Home Local Sankofa Wellness Village looks to the past to envision a better future for West Garfield Park

Sankofa Wellness Village looks to the past to envision a better future for West Garfield Park

by staff

Over 50 years ago, massive uprisings after the assassination of Martin Luther King Jr. left Garfield Park and North Lawndale in ruin, said longtime community leader Marshall Hatch Sr. The area went up in flames and never recovered. Many vacant lots remain from businesses and homes that were destroyed and never rebuilt, he said.

The historic neighborhood continues to grapple with underinvestment, high poverty rates, low life expectancy and violence, including a Halloween night mass shooting that killed one and wounded over a dozen others.

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Now, a group of residents, faith-based and health care institutions, nonprofits and other stakeholders in Garfield Park are working to revitalize the neighborhood’s commercial quarter and break the cycle of disinvestment through Sankofa Wellness Village.

The Sankofa Wellness Village will create opportunities for West Garfield Park residents of all ages to have access to health and recreation services, business development, healthy food and the arts. The village, which is set to break ground in 2023, will serve the more than 17,000 residents of West Garfield Park and the surrounding communities.

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Hatch, a reverend of New Mount Pilgrim Church, is helping to lead the effort through the Garfield Park Rite to Wellness Collaborative, where he serves on the executive committee.

“This has been a community of many challenges,” Hatch said. “There’s been major disinvestment. It’s one of the poorest per capita communities. But it is a resilient community. That has been part of the catalyst to think of wellness holistically. We use the term village, which has to do with the health of the people.”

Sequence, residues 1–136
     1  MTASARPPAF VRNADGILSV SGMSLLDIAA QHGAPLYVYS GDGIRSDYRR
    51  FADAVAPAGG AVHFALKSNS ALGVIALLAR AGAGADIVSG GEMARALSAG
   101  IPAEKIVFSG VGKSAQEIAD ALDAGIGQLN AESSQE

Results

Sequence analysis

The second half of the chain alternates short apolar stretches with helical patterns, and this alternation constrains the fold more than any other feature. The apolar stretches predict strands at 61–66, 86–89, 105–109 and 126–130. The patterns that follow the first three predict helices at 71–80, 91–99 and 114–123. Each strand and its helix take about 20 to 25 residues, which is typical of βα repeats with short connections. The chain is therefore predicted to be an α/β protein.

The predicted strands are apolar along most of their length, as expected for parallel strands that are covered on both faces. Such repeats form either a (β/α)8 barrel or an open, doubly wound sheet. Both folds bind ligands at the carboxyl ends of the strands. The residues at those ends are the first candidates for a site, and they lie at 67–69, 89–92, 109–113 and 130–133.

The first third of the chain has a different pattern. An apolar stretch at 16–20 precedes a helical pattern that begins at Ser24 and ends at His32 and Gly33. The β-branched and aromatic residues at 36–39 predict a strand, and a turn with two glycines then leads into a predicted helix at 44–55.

The plan encompasses four projects — a physical and mental health wellness center, a business hub, a makerspace and a community-owned grocery store. This walkable “village” will connect the Madison-Pulaski corridor with other new investments, including Garfield Park Community Plaza and Outdoor Roller Rink and the New Mount Pilgrim Missionary Baptist Church Campus.

The project is also a finalist for this year’s $10 million Chicago Prize from the Pritzker Traubert Foundation.

Hatch son, Marshall Hatch Jr., said the project began to take shape five to six years ago, when troubling life expectancy statistics for Garfield Park showed that life spans for residents are around 16 years shorter than people who live in the Loop.

“The data wasn’t new or even revealing — it just put a stat to our reality,” said Hatch Jr., who is executive director of the MAAFA Redemption Project. “I think it was a perfect time to come together as a community to create a foundation for a movement and restore West Garfield Park.”

Pastor Marshall Hatch Sr. of New Mount Pilgrim Missionary Baptist Church next to a mural along West Madison Street showing health disparities in West Garfield Park, Dec. 14, 2022.

David Ansell, a physician and the senior vice president for community health equity for the Rush University Medical Center, took part in those early conversations about the wellness village.

He said the historic disinvestment, structural racism and economic deprivation of communities like West Garfield Park have been evident from the time he started practicing medicine in Chicago in 1978, leading to direct impacts on health.

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“It wasn’t just about health and health care, it was about the conditions under which people lived, worked and played,” Ansell said. “It was the flight of capital that left these neighborhoods bereft, and then poor health followed.”

Ansell said the collaborative got to work on a plan to address long-standing underinvestment in Garfield Park and improve health outcomes, specifically the life expectancy gap.